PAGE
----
be gentle

Lent is upon us.

We withdraw.  We look inward.  We reflect.  We go deep.

Lent is a time for prayer, repentance, sacrifice and good works.  It is a time when we deny ourselves that which is taking up the spaces where we need more of God.

In my deep there is darkness.

His deep is pure light.

In me there are shadows of fear and doubt.

In Him only trust and hope.

And while I want to enter into great spiritual exercises, measure out disciplines, and enter into a deep mourning and grief over the shortcomings and failings in my life, a tender voice sighs:  Quiet.

It’s the whisper in the frigid wind, the blinding sun reflecting on a frozen landscape, the deafening silence of the earth buried in a heavy blanket of snow.

It is still winter.

And while I am inclined to strain myself in the birth of spring, with rituals of purification and cleansing, He gently persuades…give ear and come to me; hear me, that your soul may live…for my thoughts are not your thoughts, neither are your ways my ways.

It is not yet Spring, but it’s coming.  And we must prepare,  not by human force, but by God’s own gentle path.

He calls me to his tender, merciful arms.  He invites me to walk in communion with His Holy Spirit.  He encourages me to abide in the aroma of his goodness and illuminated in His refining light.

Because where there is light the darkness is pushed out.

I cannot win this struggle by my own might.  I will achieve nothing with my own spiritual calisthenics.

Only the light can overcome darkness.

I cannot do what only He can do for me. But I can heed his voice.  I can abide in Him, so that He in turn can abide in me.

Then, when I am in full communion with the love and peace of the Holy Spirit, and I’ve invited Him to tame the monsters of my deep – doubt, control, anxiety, ambition, pride – then I can exist as He intended:  to know Him, to receive and speak life, to love.

Spring is coming, and we must prepare, so that Christ can resurrect again through each one of us in our words and in our service.

“I choose gentleness… Nothing is won by force. I choose to be gentle. ” – Max Lucado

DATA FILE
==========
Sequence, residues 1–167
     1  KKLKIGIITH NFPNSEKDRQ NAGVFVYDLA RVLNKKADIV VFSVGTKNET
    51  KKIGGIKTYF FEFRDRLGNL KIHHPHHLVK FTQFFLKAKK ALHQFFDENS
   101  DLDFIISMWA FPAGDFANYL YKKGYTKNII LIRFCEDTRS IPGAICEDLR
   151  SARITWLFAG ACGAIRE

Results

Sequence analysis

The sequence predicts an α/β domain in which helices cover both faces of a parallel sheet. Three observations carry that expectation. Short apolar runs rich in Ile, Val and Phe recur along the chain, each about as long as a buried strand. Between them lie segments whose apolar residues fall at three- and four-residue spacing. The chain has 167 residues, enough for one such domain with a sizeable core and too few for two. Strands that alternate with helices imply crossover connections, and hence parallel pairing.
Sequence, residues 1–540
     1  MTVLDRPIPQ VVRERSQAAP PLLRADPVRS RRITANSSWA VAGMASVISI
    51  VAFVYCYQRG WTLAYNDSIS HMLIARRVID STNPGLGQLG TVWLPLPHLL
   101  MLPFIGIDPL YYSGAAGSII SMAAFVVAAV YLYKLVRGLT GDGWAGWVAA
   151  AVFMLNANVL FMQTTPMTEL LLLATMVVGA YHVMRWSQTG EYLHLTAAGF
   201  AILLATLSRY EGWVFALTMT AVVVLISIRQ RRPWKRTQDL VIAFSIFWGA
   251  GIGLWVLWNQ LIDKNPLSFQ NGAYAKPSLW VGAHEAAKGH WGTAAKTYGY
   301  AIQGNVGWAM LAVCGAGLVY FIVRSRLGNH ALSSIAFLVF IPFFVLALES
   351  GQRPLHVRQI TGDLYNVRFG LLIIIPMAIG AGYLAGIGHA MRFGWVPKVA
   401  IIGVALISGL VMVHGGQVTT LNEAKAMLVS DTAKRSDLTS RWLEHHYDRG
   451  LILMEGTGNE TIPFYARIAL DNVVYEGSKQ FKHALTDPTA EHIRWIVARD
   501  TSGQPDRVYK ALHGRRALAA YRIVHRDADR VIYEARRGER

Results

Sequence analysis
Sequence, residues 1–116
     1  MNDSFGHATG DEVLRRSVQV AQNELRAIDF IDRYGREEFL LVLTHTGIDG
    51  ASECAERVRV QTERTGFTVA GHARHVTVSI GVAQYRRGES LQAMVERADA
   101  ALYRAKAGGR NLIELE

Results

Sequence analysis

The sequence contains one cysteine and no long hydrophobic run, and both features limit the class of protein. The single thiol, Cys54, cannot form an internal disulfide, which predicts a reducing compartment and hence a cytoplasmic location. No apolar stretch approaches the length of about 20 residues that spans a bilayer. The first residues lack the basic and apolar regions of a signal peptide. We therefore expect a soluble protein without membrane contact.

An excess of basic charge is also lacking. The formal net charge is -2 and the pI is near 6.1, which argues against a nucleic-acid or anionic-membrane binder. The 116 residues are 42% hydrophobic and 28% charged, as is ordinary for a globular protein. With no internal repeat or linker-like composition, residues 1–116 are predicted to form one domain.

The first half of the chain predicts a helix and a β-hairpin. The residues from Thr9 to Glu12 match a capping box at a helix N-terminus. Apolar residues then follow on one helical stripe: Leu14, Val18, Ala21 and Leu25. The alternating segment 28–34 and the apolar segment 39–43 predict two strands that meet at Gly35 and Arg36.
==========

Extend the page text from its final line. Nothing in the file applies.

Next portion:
Pondering the new year. Silencing the noise to hear Gods voice.

Jesus began his ministry with a 40 day fast in the wilderness. Before entering into the ministry of all ministers, he removed himself from the fray. He entered into prayer and fasting. He went into seclusion.

That is where we must succeed first. We must be able to conquer and master ourselves. We must be able to face the whispers of the enemy that infiltrate our thoughts in the moments of loneliness, when the limelight goes out, when the crowds head home. We have to know who we are in him when the dissenters come, when disapproval rises. When the people revolt, when we fight the good fight in the name of the Lord and sin gets disrupted, when people are uncomfortable and the truth cuts too deep.

I need to know the shepherds voice. I need to know my name, who I am in Him. I need to be focused on his will and his approval alone. I need to rely on his strength and wisdom.

And so my fight is time. As an accountant I can get pulled into the stress of overwork, time restraints and doing more as all the demands of the previous year scream to be resolved. Year end reports, audits, taxes. While I’d like to leave 2013 behind, it still needs to be put to bed. The exercise of picking up the pieces and properly and painstakingly packing them away still needs to be done. And yet the new year beckons. New goals, new hopes, new dreams, new desires are clamoring.

Before the year is even on its way I can feel overwhelmed, buried by the demands, the pull back and the push forward. And so I need to stop. Be still. Balance and focus myself on the groom at the end of the aisle. So that I don’t get off track before I’ve taken the first step.

Not less, but more. I can go about removing from my life, but more important is what will take its place.

So what is it that needs to removed from my life, so that there is room for more of God in my life? Where should there be less of me, and the burdens, weaknesses, desires and indulgences that take up the spaces that need more of God?

Because what I need to sacrifice is nothing when measured against what I will receive to fill the void.